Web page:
Some key activities will need to be mandatory, such as a brainstorming/planning event or a get-to-know-you type of reception, but some of the activities should be optional. Not everyone will feel comfortable with a hike or a ropes course. When these activities are scheduled, you should have a couple of different options for people to choose from or allow them to opt out entirely.
In the same vein, remember to include down-time. Having every moment of every day scheduled will lead to dissatisfaction. Your attendees will need a bit of time off to rest and even do some sightseeing during free time. Be sure to schedule downtime and firmly enforce it—don’t allow meetings to spill over into your free periods.
6. Make It Fun
Yes, there will be planning meetings, training, and skills development, but retreats should be fun for everyone involved. The experience should offer a break from day to day life at the office, with interesting activities offered to encourage enthusiastic involvement.
Time set aside for unstructured social activities is often when the best relationships are formed and deepened. For many, their favorite aspect of work is who they work with and the camaraderie that exists in those relationships. A well-planned corporate retreat should have a balance of work and fun. Make time for activities like these:
Attend a sporting event
Mingle at cocktail receptions and happy hours
Go on a hike
Visit a cultural hotspot like a museum or a public park
7. Have a Follow-Up Meeting
Schedule a time when those involved in organizing the retreat can analyze how it went. Evaluate what was successful about the retreat, and how you would like to do things differently with the next one.
Find out what the attendees thought of the retreat. You can have them fill out a survey before leaving, or send a company-wide email with a survey after they return to work. Either way, the feedback will provide valuable information that should be included in your follow-up meeting.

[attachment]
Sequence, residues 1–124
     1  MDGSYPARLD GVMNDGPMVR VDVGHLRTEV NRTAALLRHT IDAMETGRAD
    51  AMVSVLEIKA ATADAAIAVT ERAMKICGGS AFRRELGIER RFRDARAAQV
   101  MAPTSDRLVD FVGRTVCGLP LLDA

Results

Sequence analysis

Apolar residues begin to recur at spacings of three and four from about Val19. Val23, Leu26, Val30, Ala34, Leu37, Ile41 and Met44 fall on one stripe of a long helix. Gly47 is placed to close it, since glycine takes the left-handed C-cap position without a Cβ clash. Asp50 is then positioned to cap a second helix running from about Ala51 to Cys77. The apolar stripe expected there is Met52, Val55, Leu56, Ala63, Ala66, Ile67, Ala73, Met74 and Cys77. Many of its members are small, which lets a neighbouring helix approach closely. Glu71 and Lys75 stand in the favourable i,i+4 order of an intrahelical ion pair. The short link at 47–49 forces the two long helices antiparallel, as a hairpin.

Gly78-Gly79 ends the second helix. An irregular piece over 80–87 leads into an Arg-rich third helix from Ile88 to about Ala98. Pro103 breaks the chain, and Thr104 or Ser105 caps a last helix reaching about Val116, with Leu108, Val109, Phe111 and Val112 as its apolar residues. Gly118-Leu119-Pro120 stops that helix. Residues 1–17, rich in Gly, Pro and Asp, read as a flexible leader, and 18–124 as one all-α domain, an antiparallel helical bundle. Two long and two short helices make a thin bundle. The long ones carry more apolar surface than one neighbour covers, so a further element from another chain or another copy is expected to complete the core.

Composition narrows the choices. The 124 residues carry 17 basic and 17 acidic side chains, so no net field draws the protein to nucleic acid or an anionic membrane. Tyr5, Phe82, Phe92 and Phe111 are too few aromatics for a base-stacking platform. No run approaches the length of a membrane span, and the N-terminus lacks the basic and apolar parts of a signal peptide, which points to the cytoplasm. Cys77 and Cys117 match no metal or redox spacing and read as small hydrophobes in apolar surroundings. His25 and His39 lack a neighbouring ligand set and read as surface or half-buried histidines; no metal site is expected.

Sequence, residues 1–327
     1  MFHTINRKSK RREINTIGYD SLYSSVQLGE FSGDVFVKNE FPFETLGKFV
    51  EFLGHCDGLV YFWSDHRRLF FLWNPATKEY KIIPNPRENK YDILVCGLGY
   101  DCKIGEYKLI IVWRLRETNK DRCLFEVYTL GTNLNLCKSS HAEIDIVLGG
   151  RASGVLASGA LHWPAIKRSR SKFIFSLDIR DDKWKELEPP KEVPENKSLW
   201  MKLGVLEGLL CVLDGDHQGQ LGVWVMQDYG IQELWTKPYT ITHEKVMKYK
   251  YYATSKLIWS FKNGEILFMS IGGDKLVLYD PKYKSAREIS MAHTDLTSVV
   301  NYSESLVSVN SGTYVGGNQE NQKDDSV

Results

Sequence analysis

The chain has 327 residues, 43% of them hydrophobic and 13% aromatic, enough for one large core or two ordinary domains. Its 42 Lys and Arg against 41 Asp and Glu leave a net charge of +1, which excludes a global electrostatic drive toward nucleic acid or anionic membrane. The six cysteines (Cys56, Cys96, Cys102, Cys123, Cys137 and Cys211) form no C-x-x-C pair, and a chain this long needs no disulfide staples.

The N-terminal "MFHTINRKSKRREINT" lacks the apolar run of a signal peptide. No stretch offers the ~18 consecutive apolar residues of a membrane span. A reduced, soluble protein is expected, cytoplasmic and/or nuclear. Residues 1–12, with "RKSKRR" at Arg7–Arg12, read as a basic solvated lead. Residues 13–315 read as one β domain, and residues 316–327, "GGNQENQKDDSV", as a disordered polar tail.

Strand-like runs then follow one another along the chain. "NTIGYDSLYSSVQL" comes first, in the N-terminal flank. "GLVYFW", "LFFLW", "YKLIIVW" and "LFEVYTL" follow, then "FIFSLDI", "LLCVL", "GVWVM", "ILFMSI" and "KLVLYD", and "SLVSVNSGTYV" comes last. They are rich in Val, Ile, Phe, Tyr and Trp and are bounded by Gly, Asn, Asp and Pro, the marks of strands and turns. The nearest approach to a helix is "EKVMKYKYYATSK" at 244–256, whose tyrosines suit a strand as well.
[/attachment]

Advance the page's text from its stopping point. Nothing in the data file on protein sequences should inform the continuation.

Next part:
To help guide your meeting and make sure it is productive, these questions should be answered in the follow-up:
Were our goals met?
What were the highlights?
What was the most successful aspect of the retreat?
What did not go as planned?
What could we have done differently to make it more successful?
A little change of scenery is often just what a business needs to invigorate productivity and company culture. Having clear goals and objectives, offering training and planning sessions where all can be heard, and giving employees an appropriate mix of relaxed activities just for fun are all important factors that work together to create an effective and memorable corporate retreat.
Work with CMOE to Plan Your Next Corporate Retreat
CMOE is an industry-leading value creation partner. Our experience means we know how to plan and carry out effective, game-changing corporate retreats. Learn more about our retreat services.
CMOE’s Design Team is comprised of individuals with diverse and complementary strengths, talents, education, and experience who have come together to bring a unique service to CMOE’s clients. Our team has a rich depth of knowledge, holding advanced degrees in areas such as business management, psychology, communication, human resource management, organizational development, and sociology.
Get Exclusive Content Delivered Straight to Your Inbox
When you subscribe to our blog and become a CMOE Insider.